Show Me, Don't Tell Me

August 18, 2015

show-me-dont-tell-me

Simply saying that you’re the best is sometimes one of the worst things that you can do.

Every company wants to tell consumers its product or service is the best. But what does being the best really mean? If you can’t substantiate that claim on why you’re better than your competitors, it’ll become apparent that you’re only blowing hot air.

There’s a reason why we laugh at that scene in the Christmas movie Elf when Will Ferrell, an elf who’s never been outside the North Pole, excitedly congratulates a small NYC coffee shop for their advertised claim of making “the world’s best cup of coffee.” Because we know it’s something anyone can state.

So how do you say you have a great product without saying it? You show it — with powerful imagery, stats, facts, and thoughtful, descriptive copy.

Imagery — Seeing is believing.

Humans are by nature visual beings. Because potential buyers make purchasing decisions based on what they see just as often as what they might hear or read, showing the product in action can help highlight the key benefits more effectively than what words like “best” can express.

Take the “world’s best cup of coffee,” for example. Show it being poured into a nice mug, steam wafting from the brew and into the nostrils of a delighted man. The word “best” pales in comparison to the conclusions a consumer can come up with on his or her own — that this coffee is hot, delicious, and overall desirable. Kicking it up a creative notch, see how this coffee ad campaign effectively shows the perking power of its product using absolutely no copy.

But what if the product you’re highlighting is not quite as evocative as coffee? When you start out by asking yourself “What makes this product so good?” you can sell even a stapler. Identify the benefits (staples hundreds of pages together with ease and has a compact design) and highlight at least one of them with a distinct image (stapler chomping down on a thigh-high stack of papers). And just like that, the stapler has become more marketable.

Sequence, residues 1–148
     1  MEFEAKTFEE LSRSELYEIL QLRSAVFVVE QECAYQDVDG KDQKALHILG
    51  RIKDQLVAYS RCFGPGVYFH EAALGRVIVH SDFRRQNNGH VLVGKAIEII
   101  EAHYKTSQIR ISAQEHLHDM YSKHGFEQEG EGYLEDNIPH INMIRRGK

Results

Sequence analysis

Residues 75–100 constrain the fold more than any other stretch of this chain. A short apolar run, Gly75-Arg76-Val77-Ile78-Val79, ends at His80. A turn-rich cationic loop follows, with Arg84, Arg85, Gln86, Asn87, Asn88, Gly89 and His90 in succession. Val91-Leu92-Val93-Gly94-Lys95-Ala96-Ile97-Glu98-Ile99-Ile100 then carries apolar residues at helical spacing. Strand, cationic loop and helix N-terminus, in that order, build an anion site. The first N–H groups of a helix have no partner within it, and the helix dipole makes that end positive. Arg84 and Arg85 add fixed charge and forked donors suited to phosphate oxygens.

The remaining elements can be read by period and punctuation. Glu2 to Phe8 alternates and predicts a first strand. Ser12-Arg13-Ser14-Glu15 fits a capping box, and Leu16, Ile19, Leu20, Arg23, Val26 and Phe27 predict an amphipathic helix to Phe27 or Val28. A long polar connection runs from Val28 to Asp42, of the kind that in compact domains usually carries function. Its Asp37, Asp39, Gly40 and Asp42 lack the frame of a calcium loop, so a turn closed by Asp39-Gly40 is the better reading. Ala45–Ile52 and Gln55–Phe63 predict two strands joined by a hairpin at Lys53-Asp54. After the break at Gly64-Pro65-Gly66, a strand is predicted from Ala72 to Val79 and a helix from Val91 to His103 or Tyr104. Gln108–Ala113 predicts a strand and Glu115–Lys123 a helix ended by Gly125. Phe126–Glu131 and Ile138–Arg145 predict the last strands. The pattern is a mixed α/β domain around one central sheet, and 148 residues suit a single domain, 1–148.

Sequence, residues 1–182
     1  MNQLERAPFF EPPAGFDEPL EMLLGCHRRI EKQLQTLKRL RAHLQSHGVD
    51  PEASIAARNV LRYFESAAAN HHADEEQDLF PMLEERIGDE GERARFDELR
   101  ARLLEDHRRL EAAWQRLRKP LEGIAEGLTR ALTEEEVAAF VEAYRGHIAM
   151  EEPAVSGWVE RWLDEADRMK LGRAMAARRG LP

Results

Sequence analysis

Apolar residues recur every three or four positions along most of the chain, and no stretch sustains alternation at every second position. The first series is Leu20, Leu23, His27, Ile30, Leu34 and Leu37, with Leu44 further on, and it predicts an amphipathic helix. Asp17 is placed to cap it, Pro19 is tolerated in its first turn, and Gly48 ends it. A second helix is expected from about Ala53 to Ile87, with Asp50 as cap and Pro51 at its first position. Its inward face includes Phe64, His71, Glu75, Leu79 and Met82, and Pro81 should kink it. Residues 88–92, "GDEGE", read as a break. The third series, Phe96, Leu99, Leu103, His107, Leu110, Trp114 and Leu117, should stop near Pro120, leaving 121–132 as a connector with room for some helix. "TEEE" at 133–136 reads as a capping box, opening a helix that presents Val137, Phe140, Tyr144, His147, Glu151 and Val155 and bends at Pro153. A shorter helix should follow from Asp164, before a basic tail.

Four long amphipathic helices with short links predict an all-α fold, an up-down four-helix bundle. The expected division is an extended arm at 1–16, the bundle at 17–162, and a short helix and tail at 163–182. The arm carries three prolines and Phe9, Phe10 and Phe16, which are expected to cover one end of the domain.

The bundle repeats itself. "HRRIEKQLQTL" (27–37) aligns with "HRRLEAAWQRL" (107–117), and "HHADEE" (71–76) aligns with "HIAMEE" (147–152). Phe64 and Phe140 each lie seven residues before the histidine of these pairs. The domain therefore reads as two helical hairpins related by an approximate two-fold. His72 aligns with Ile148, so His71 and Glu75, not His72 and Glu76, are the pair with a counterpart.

Facts and Stats — Let the numbers do the talking.

Consumers crave hard evidence for your claims. With so many options out there, they want to make sure that what they buy will be worth their time and money. Facts and statistics are powerful motivators, so use them to your advantage.

4 out of 5 Dentists recommend Trident Gum.” For years this was the tagline that allowed Trident Gum to stand out from the pack. (Pun intended!) It makes Trident the preferred healthier choice without explicitly saying so. Of course, when using numbers like this, it’s important to keep the research updated and accurate to make the claim as effective as possible. In the end, using the dentist recommendation creates a much stronger reason to believe than “Trident Gum is great!”

Think of the last time you heard of a restaurant described as “highly rated.” Without qualifying it, the claim could be attributed to anything from a Zagat score to a comment the owner’s nephew made one late evening. Obviously one holds a little more weight than the other. Specificity gives facts more shape and solidity. The more tangible a claim, the more you’re showing without telling.

Writing — Don’t write it off.

Believe it or not, the “showing” can be done exclusively in the copy, so long as it’s thoughtful and benefit-driven. If you can’t get away from the word “best,” don’t let the description rest on the product itself. Think about what is best about it. Folgers did this with its jingle, “The best part of waking up is Folgers in your cup.” Folgers doesn’t claim to be the best coffee; it claims to be the best part of waking up in the morning. That unique selling proposition is what makes their product stand out.

And when your company can’t be the best, it can always be honest. Avis proudly donned the title of 2nd best for 5 decades with what is considered one of the greatest slogans of all time. With “We Try Harder,” Avis completely changed the conversation and turned their losses into profits. And it could only work because their competitor Hertz was number one. So because they’re not on top, because they’re number two, they promise to try harder for you, the customer, in hopes of one day becoming that number one car rental provider. Amazing.

When it comes down to it, marketing is a billion dollar venture and talk is cheap. If you’ve got something important to share, you have to qualify what separates your business from your competitors. You might not be number one in the world today, but no industry leader reached their peak by claiming their own greatness. They proved it and the people accepted it. Now it’s your turn to show the world what your business is made of.